Book Review: Quackery by Lydia King


Quackery: A Brief History of the Worst Ways to Cure Everything by Lydia King

In Quackery, Lydia King provides a hilarious look at some of the most outrageous medical practices throughout history. Teething baby? Mercury cream will calm them right down. Want a pill you can take and still hand down to your kids? Try antimony tablets! IPA too bland for your tastes? Strychnine will provide the bitter buzz you crave! From cocaine tooth drops to lobotomies to irradiated water to tobacco smoke enemas, this book covers an amazing amount of snake oil, some touted by the medical minds of their day and some not.

The book is incredibly entertaining and liberally sprinkled with photos and drawings (some truly nightmare inspiring). This is one of those science books you can read and not even realize how much information you’re learning. Want to find out which cutting edge medical treatment contributed to the deaths of Byron, Mozart, and George Washington? Which animal’s testicles you should wear around your neck to prevent pregnancy? Or why corn flakes are part of an anti-masturbation diet? Look no further!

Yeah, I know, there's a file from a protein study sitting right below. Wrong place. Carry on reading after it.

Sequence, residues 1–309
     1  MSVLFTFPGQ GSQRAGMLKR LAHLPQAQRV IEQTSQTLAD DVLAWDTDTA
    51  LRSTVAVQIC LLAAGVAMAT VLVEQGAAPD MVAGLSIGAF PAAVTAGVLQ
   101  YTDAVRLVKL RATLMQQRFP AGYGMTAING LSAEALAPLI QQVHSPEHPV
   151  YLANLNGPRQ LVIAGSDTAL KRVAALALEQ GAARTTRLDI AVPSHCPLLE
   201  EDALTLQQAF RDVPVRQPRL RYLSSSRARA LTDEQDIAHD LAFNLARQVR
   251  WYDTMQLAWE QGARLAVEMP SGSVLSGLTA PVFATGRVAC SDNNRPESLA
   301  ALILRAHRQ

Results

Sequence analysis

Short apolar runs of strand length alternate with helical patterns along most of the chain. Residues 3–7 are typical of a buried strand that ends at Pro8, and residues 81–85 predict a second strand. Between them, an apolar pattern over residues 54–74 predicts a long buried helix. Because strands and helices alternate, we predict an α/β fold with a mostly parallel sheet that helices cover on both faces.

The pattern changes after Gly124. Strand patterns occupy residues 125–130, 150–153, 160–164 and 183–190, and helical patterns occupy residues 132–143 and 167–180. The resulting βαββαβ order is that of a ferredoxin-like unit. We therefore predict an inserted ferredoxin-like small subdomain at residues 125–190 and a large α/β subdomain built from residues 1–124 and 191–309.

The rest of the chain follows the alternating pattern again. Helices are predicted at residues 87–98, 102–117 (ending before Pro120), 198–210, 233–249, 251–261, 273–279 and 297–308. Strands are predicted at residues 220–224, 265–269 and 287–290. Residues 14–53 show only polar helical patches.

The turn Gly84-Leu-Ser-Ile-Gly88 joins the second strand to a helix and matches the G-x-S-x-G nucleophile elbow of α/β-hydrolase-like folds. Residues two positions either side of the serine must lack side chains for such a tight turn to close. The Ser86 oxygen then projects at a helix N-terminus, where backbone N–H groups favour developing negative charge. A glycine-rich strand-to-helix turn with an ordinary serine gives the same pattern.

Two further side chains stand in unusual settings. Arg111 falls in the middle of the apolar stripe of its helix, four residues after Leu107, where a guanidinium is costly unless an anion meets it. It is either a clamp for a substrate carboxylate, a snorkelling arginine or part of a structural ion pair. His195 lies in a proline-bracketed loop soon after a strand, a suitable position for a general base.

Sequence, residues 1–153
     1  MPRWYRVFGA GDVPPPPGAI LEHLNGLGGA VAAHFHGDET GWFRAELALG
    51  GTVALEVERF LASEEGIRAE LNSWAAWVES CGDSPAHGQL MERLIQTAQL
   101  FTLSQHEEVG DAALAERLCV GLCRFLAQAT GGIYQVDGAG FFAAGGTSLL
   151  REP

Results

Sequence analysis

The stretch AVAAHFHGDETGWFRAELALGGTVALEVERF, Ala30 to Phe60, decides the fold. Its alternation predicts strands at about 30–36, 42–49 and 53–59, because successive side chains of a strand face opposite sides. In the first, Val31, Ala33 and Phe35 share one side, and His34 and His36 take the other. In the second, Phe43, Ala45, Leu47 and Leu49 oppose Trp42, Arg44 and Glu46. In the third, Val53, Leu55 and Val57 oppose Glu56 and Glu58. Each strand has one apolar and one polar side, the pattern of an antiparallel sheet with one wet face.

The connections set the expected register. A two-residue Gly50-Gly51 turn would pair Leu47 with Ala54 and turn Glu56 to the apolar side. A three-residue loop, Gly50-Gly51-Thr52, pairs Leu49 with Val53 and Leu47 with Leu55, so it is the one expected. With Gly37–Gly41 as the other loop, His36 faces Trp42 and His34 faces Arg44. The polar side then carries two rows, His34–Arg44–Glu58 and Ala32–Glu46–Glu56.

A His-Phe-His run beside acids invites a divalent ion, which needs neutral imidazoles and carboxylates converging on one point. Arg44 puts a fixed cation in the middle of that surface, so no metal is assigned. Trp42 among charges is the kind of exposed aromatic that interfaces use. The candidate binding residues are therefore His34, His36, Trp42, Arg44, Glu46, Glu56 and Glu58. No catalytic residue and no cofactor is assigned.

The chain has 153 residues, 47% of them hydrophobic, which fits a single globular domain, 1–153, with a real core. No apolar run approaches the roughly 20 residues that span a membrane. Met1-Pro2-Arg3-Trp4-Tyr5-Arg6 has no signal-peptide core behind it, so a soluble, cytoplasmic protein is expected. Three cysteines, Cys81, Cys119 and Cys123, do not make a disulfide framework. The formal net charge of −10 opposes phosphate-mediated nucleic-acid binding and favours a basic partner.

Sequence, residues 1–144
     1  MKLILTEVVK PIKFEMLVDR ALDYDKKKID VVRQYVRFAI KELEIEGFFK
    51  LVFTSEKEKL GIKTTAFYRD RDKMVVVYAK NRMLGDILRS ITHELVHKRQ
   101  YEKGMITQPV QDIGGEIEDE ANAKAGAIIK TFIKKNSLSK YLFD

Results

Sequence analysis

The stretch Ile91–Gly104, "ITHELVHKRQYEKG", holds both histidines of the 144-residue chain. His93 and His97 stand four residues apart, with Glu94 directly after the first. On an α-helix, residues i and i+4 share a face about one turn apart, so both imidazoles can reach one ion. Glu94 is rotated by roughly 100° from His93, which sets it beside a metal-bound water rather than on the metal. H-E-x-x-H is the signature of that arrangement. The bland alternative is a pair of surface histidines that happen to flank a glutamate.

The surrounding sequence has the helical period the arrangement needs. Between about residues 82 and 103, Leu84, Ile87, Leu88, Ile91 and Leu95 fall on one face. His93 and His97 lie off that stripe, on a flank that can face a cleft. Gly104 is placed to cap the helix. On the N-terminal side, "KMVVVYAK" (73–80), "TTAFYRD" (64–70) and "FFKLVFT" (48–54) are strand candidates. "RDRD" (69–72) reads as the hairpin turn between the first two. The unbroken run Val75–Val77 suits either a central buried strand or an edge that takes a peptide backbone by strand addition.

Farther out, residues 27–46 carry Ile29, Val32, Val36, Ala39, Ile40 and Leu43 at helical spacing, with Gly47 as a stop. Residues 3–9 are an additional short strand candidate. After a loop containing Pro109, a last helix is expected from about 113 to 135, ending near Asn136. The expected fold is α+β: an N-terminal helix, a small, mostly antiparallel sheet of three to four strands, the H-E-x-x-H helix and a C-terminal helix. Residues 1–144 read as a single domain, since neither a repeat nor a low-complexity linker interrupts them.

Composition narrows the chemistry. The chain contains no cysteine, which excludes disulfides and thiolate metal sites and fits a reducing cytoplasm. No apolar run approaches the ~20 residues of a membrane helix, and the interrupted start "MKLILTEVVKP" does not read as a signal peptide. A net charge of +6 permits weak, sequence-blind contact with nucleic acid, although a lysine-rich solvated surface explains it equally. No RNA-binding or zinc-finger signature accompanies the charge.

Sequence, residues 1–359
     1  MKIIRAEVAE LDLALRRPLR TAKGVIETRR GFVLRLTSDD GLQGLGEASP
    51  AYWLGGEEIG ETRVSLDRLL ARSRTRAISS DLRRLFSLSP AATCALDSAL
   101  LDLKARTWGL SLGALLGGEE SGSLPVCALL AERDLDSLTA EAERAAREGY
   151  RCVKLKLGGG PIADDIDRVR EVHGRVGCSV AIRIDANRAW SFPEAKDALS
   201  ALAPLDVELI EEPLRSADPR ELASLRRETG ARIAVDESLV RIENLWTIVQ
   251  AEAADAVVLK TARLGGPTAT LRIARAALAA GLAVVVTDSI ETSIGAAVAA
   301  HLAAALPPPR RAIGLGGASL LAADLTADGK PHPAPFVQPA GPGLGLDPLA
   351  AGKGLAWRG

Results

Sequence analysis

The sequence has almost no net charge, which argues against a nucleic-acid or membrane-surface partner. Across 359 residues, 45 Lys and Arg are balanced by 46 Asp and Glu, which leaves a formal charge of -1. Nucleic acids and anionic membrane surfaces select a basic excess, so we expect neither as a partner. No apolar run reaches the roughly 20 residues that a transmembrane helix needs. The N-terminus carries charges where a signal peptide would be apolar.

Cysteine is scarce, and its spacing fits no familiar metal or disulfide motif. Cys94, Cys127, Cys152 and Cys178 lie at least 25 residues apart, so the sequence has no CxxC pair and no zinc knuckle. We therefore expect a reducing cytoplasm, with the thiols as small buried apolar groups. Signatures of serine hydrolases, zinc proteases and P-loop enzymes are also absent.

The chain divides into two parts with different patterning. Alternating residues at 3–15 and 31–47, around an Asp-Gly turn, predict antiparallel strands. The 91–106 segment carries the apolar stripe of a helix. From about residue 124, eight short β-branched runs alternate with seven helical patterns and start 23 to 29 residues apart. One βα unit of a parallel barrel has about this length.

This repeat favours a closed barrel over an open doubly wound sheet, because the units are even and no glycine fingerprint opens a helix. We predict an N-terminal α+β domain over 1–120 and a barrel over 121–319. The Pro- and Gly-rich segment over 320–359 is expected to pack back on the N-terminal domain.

Any one who likes a good dose of humor with their nonfiction will enjoy this book. If you like Mary Roach‘s writing, Unmentionable by Therese Oneill, or any other books in that vein, this book was meant for you.

An advanced copy of this book was provided by the publisher via NetGalley in exchange for an honest review.

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